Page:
Ask the therapist: My daughter took advantage of my generosity, what should I do?

In the “Consulting Therapist” series, I will answer all your questions about mental health and psychology. Whether you are struggling with mental health, coping with anxiety about life situations, or just looking for insights from a therapist, a question. Please note that I am here every Thursday Healthy Mind Communication.

Our readers ask

My adult daughter believes that my husband and I have an obligation to help her because she is a single mother. However, no matter how much we give her or how much time we spend to see the children for free, she insists that we have not done enough for her. We think she took advantage of our generosity, but we are afraid of the consequences if we don’t interfere with her. what should we do?

–Marion, 64

Amy’s answer

You are in a difficult situation. Obviously, you want to help your daughter and grandchildren. However, it doesn’t sound like you feel that your help is welcome. The fact that you feel used is a sure sign that it is time to establish healthy boundaries.

Redefine your sense of responsibility

You may have a sense of responsibility towards your daughter, which makes sense. She is a single mother, and you certainly don’t want to see her or your grandchildren struggling.

But you are not obligated to help. She is an adult, and it is her responsibility to take care of herself and her children.

Of course, just because you have no legal or moral obligation to participate does not mean you cannot. It is up to you to decide how much help you want to provide.

The key is to realize that your help is a choice. You can help her because you want to—not because you have to.

Decide together what you want to offer

It is important that you and your husband agree on how much time and money you want to give your daughter.

How many hours of free childcare services do you want to provide per week? How much do you want to give her every month? Do you have anything else you want to offer?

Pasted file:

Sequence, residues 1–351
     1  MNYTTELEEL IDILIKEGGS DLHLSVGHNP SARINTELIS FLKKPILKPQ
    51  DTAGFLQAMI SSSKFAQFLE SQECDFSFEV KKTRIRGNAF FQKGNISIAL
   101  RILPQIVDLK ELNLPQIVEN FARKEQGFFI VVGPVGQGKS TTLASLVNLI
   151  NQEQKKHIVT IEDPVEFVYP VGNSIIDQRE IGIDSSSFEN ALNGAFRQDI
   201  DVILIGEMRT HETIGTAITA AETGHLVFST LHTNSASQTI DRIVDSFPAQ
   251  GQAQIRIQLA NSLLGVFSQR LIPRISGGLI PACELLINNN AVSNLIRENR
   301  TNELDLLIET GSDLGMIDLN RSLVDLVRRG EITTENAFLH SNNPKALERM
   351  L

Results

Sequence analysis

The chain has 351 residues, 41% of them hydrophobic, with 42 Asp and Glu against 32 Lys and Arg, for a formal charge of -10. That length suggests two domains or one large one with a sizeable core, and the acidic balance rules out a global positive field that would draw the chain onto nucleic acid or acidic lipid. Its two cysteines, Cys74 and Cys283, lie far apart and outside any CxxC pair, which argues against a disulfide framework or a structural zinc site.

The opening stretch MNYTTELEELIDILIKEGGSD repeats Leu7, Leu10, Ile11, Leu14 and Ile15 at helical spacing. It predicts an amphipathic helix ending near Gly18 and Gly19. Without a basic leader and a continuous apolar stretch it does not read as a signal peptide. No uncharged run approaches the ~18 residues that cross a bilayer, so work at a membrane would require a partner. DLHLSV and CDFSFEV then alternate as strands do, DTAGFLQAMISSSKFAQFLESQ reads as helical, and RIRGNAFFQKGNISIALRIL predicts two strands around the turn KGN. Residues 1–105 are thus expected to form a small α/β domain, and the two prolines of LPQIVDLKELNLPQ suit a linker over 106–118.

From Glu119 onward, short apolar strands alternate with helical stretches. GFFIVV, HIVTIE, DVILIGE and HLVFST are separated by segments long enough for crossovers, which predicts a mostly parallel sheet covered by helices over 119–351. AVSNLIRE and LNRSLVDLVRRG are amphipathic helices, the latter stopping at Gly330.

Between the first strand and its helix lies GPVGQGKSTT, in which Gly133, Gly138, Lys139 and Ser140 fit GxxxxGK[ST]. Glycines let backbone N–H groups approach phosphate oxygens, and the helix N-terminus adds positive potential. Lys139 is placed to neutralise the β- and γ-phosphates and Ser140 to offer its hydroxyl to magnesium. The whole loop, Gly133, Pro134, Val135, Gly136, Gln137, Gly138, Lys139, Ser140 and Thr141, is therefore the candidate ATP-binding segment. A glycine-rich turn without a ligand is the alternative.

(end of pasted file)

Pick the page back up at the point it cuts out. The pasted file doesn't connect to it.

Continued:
If the two parties disagree, please don’t do this. Otherwise, your efforts will cause serious rifts in your relationship. And you will not give anyone any benefit.

Communicate your boundaries

Once you have decided what you are willing to do, tell your daughter these boundaries. You might say something like, “We are feeling really tired lately and we decided to reduce the childcare services we can provide. We are very happy to have two afternoons a week to see the children,” or “If this helps you, we It’s a pleasure to pay your Internet bills every month.”

Your daughter will probably fight back to make you change your mind. For example, she may insist that you are unfair, or if you cannot do anything for her, she may tell you not to worry about anything.

But the important thing is to stick to the limits you set. Otherwise, you will continue to overstretch yourself and become dissatisfied with her in the process.

Get advice from the VigorTip Mind podcast

This episode of The VigorTip Mind Podcast, hosted by LCSW’s editor-in-chief and therapist Amy Morin, shares how to set boundaries to restore strength.

Provide resources and alternatives

If you are concerned that your daughter needs more support than you wish (it sounds like you do), please provide her with information about other resources.

You can give her a list of childcare services. Or, you may be willing to pay for her to talk to a financial adviser who can help her make a budget.

This may convince her that you are willing to provide support-even if it means recommending her to someone who can help instead of doing the work yourself.

Practice effective communication

When your daughter insists that you have not done enough to help, please take a moment to verify how she might feel. Say something like this, “It must make you very frustrated.” Just make sure you speak with a sincere tone and it doesn’t sound ironic.

She is expressing her pain to you. When she realizes that you heard what she wanted to say, she might breathe a sigh of relief.

Although you may want to respond to her with words like “We have done a lot for you!” Or “You get more support than most people”, comments like this are likely to put her into defensive mode.

If you listen and reflect what you hear about her feelings, whether you agree or not, the conversation will get better.

If she said something inappropriate, you have no obligation to continue talking to her. End the conversation for now and tell her that you will discuss things when she is calm.

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